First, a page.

wishfulclicking: books flying with pale blue background (books: flying)
[personal profile] wishfulclicking
(I want to apologize for the lateness of this post. I'm sick and this is the clearest my head has been recently.)

This is a post for the book club some people on my circle run every year. It's very fun and lowkey; and I've found some good books to read. The theme is changed every year.

A True Novel by Minae Mizumura was originally written in Japanese and translated to English. It was very successful in Japan, winning its prestigious Yomiuri Literature Prize.

This novel is a retelling of Emily Bronte’s Wuthering Heights, a book that was pretty popular in English courses in the United States (at least when I was in high school) and often misidentified as a love story because the central characters of Heathcliff and Cathy take up so much space throughout the tale.

In short: I do recommend this book, with a note that it is quite long. This post will focus on the first part ‘On Long Island’ in Volume I.

Having the setting be in a 1960s New York with upper middle class Japanese immigrants dealing with the culture shock of America is fantastic in that it allows the novel to make the class contrasts vivid in multiple areas-- Minae, the Cathy counterpart, is the younger daughter of the upper middle class family and is an outsider because of her nationality but not because of her economic standing. This axis is well established in her narration and how she views others.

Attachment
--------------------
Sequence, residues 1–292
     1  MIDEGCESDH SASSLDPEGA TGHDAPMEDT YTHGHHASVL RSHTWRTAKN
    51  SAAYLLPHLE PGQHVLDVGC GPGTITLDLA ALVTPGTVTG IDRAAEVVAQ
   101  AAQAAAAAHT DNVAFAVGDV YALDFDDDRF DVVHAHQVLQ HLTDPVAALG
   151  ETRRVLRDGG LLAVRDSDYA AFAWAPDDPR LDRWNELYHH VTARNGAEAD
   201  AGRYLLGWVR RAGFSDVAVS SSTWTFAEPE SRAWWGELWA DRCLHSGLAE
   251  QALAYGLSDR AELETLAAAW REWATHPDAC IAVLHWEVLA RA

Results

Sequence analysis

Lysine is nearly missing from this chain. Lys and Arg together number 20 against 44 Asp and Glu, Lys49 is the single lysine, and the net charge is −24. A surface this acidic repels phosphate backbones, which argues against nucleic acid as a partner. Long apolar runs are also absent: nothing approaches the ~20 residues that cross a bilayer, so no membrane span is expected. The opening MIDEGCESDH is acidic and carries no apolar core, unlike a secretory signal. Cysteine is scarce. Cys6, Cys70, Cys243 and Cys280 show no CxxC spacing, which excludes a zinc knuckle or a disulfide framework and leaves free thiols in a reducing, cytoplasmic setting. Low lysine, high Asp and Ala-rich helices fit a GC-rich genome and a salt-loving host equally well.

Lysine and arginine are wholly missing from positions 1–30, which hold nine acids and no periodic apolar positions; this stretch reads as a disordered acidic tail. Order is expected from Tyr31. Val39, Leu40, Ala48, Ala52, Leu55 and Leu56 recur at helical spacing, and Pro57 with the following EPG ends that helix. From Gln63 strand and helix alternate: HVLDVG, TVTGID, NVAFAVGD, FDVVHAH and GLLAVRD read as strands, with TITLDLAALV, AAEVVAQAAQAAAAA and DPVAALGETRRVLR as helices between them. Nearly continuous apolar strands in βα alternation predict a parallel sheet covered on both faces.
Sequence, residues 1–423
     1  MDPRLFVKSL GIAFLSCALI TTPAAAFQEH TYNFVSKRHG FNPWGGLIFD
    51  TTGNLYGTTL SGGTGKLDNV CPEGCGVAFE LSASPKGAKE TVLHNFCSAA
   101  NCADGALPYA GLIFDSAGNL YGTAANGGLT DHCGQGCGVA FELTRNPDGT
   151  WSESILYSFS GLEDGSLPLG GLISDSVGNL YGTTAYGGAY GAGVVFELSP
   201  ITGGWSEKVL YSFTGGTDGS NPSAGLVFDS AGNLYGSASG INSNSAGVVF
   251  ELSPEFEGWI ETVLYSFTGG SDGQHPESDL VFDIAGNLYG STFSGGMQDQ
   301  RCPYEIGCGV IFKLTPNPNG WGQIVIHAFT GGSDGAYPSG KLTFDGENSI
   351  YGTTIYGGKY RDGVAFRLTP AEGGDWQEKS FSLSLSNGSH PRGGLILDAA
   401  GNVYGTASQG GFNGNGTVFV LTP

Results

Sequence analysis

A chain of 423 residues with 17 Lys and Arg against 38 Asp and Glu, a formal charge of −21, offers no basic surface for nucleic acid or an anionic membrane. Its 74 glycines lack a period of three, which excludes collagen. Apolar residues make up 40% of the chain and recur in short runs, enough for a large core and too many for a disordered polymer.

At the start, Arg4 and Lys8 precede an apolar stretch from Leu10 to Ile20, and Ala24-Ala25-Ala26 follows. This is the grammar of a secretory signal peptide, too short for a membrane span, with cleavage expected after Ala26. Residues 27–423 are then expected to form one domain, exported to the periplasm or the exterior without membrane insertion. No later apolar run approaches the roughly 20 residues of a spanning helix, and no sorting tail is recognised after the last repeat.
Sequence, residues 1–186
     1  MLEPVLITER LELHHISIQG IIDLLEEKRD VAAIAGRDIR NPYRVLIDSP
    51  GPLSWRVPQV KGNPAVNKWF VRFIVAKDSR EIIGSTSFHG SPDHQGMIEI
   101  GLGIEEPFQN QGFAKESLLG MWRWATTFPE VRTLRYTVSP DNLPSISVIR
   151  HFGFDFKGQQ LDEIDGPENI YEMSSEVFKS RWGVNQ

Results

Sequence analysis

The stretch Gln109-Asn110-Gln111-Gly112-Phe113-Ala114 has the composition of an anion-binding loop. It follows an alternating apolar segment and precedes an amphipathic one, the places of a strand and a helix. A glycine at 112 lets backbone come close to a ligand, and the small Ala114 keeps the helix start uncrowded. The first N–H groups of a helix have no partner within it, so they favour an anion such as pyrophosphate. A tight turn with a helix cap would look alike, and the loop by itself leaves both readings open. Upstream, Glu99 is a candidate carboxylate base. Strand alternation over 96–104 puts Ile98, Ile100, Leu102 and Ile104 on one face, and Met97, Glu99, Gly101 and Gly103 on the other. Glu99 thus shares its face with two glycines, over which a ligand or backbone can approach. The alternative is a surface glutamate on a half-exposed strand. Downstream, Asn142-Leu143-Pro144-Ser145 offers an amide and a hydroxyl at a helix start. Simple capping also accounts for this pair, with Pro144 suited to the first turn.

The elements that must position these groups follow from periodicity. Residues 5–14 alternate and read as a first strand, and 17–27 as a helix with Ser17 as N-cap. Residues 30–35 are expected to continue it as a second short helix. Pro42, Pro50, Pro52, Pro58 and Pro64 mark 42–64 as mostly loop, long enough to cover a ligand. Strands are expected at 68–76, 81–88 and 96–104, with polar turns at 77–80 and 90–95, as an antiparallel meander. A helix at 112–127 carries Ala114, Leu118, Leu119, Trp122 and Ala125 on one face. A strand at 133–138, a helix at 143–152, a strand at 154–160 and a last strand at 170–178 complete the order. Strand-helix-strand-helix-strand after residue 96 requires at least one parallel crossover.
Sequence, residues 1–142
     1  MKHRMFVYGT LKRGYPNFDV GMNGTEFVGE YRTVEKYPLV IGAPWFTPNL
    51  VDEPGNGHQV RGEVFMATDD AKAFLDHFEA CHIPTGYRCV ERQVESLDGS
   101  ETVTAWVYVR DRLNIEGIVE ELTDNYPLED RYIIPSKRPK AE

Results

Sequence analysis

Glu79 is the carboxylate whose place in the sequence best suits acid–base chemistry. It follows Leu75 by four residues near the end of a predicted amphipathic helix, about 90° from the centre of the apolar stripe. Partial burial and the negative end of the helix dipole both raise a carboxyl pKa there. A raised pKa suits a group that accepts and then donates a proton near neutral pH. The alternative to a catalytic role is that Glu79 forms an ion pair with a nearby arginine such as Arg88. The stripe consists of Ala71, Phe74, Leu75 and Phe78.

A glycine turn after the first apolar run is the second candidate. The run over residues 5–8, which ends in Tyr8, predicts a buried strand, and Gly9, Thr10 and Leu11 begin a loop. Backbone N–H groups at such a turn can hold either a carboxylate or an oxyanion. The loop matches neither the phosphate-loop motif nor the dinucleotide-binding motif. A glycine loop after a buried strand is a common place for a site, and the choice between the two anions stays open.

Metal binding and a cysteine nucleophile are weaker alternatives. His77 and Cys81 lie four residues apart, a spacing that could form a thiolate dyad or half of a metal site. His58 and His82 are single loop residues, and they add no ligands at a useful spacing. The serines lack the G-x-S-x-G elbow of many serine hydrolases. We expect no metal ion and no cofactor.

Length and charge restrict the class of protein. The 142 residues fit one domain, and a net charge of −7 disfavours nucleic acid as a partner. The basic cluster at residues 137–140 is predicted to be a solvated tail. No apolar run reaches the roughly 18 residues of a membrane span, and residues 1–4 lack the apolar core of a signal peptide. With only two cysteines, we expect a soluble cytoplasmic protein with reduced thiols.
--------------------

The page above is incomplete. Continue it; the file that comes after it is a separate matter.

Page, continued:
On her view of herself as immigrant: “But because I had been removed from my own country that world of mine was steeped in nostalgia, and because I had no friends from my own generation, it was anachronistic to the point of comedy, and because I made myself so isolated, it was unusually intense.

Miane’s view as an outsider also highlights cultural class differences of the wealthy Americans she encounters

“Mr Goldberg, an East European Jew who had arrived in New York in a boat full of immigrants, was the antithesis of Mr. Atwood.” Atwood is the gateway to the Heathcliff character, Taro Azuma.

Because Minae and Taro are Japanese, their immigrant status is apparent also by racial markers to others in the novel. In the first chapter Minae relates a story where a girl she knew in Japan contacts them in America after going through poor treatment from an American family that did business with the girl’s family when they were more economically secure. The family treats the girl, formerly the daughter of a business associate, as a servant. From this story, Minae realizes: “From their point of view, there was no difference between Taro Azuma and Miss Sone. They were just Japanese. No, not even that. They were just some Asians.”

Taro Azmua does make an appearance, but only first through side conversations with Minae’s father, and he is a subject of interest because he is so different from Minae--he is poor, without a high school diploma, and working as a private driver for a rich old money American, Atwood. For Minae, he is a figure of intrigue and receives her internal condescension for what she sees as his poor lot in life. By the end of the first chapter their situations have reversed, their pathways sharing inverse fates, and Minae and Taro meet once again, him as an extremely wealthy businessman, and her with no marriage prospects, an ill father, and removed from the wealth she experienced early on in the novel. Even with his newfound wealth, or maybe because of it, Taro is eyed with suspicion among the Japanese community Minae still inhabits; there is questions regarding where he truly is from, with some suggesting he’s not completely Japanese and could be Mongolian, Vietnamese, or Korean.